Step Three: Reviews

Once you’ve gathered all the general information for an apartment, check out the reviews.

In all honesty, I’m notoriously guilty for ignoring reviews. However, when it comes to the place you’re going to live for the next year, reviews might actually save you a lot of stress.

Be aware: There are going to be places that may seem absolutely perfect…until you read the reviews and your heart shatters to pieces 💔. But trust me, this is for the best. You don’t want to end up stuck in a place you’re going to be miserable in; looks can be deceiving.

Disclosure: Not all the time are the reviews accurate. Sometimes, reviews are written by people that got upset over a misunderstanding and dishonestly expressed it over the reviews. To avoid this, try checking reviews through every possible outlet you can find.

Some of my go-to apartment review sites are:

  1. Google Reviews –
    • Consistently updated with new reviews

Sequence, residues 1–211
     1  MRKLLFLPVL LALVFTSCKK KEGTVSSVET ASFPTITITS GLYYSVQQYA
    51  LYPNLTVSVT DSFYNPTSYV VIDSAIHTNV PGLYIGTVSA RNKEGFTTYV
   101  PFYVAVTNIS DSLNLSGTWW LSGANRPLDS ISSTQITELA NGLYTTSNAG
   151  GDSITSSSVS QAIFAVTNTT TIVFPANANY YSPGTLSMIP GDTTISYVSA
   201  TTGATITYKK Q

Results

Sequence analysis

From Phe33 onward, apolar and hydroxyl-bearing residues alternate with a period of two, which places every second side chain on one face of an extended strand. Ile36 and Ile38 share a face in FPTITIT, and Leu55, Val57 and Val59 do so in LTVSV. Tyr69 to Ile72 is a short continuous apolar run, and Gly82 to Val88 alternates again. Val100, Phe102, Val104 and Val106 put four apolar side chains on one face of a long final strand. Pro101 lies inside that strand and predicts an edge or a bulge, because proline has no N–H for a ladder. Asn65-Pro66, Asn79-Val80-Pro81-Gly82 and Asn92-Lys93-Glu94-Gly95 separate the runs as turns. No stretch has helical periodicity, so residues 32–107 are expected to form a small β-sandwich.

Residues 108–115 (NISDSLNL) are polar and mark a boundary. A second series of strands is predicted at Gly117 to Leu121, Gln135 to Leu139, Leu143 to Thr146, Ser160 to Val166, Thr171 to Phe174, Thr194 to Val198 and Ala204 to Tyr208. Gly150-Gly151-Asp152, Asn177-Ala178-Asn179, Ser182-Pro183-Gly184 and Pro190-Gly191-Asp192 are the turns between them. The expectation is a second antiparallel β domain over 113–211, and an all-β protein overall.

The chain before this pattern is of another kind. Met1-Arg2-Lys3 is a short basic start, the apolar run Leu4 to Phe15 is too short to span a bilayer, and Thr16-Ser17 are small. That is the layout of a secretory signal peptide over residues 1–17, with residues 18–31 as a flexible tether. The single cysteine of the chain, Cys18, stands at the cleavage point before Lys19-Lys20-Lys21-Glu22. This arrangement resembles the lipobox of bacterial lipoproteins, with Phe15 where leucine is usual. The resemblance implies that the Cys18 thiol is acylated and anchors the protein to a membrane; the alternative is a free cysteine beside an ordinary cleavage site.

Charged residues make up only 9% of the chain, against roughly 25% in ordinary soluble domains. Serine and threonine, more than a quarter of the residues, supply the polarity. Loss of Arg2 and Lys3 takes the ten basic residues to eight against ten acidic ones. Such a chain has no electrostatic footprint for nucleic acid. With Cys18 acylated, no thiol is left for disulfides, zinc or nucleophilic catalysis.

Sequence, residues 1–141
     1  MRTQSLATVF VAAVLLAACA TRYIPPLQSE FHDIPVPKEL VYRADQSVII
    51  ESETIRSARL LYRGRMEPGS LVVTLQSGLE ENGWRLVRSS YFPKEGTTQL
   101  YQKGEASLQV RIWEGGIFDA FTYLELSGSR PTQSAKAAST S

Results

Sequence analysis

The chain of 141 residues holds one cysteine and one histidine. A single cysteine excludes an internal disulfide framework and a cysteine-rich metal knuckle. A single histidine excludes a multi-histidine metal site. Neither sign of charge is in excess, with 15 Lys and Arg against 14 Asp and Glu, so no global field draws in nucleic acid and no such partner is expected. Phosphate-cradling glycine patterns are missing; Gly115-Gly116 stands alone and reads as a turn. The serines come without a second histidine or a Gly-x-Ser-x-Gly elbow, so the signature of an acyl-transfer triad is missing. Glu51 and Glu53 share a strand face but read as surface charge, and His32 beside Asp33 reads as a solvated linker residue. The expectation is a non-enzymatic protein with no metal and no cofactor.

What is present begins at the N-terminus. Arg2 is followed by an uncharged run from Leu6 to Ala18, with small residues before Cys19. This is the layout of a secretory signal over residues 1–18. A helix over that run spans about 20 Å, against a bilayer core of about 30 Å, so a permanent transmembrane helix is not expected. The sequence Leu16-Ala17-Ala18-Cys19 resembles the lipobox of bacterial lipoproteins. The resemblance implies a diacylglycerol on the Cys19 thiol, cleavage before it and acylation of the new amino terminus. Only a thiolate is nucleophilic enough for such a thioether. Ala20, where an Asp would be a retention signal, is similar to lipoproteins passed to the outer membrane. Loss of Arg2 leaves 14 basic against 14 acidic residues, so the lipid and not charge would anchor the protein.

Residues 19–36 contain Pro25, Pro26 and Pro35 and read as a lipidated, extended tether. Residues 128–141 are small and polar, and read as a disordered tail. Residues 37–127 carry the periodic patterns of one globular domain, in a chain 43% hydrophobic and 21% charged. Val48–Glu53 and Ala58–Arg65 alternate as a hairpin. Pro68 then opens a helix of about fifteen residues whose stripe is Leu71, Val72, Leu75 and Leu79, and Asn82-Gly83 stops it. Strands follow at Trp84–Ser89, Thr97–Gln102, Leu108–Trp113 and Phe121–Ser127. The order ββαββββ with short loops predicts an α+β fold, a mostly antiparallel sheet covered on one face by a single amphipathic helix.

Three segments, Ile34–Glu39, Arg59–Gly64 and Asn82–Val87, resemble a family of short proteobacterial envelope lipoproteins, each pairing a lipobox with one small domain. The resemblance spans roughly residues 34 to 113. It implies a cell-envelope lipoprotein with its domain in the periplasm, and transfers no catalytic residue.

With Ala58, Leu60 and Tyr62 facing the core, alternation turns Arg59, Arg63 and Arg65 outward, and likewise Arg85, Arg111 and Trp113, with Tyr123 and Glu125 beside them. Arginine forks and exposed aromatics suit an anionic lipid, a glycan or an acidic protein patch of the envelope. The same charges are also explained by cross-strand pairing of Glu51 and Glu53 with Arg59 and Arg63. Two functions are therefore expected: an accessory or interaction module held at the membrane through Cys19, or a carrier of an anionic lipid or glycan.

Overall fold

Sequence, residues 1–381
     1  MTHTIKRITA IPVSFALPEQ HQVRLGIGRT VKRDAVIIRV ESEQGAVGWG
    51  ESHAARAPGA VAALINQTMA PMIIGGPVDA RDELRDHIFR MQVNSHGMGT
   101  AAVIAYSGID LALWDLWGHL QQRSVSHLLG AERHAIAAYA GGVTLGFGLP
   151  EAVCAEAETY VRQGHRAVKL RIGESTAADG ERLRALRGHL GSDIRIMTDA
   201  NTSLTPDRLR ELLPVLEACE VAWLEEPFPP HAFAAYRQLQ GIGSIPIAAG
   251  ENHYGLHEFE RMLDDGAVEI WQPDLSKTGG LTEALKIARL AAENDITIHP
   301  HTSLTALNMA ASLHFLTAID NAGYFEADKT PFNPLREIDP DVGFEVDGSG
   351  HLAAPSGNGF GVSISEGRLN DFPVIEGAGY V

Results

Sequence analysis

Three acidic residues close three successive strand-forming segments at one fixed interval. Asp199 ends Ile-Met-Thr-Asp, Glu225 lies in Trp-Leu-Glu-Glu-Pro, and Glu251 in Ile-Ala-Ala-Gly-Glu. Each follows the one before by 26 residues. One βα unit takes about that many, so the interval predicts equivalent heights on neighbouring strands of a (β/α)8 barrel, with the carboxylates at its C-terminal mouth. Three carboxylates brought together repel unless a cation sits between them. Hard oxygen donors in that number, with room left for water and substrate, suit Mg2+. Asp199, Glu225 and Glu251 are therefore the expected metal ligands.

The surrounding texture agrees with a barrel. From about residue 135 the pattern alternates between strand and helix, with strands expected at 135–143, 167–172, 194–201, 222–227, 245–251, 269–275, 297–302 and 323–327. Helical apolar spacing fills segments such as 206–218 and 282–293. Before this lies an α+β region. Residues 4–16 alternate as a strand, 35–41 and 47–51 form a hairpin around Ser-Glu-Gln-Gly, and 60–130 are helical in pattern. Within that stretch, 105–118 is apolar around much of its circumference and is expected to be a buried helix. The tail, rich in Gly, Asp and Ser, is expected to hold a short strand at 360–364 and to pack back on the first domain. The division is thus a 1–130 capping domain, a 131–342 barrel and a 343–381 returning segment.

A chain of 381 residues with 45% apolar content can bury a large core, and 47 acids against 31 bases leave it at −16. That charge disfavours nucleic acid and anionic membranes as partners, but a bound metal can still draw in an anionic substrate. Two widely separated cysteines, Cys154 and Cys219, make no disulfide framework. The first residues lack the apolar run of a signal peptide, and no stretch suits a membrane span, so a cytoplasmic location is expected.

• Usually accurate
  2. Apartment Ratings
    • Constructed specifically for the purpose of reviewing apartments
    • Usually accurate
    • Detailed information
  3. Yelp –
    • Also constructed specifically for reviews
    • Usually updated with new reviews
  4. Apartment Search Engines
    • More often than not, the websites you used ☝️ up there also have a review section for each apartment.
    • This is usually my last resort due to the fact that they’re not always accurate.
    • They’re always not always consistent, but there’s a chance they are.

When looking at reviews, you want to watch out for the overall rating of the place. Of course, if there are more negative reviews than there are positive, you probably don’t want to live there.

Also, watch out for multiple reviews stating the same problem. If more than a few people are encountering the same issue, you may want to look elsewhere.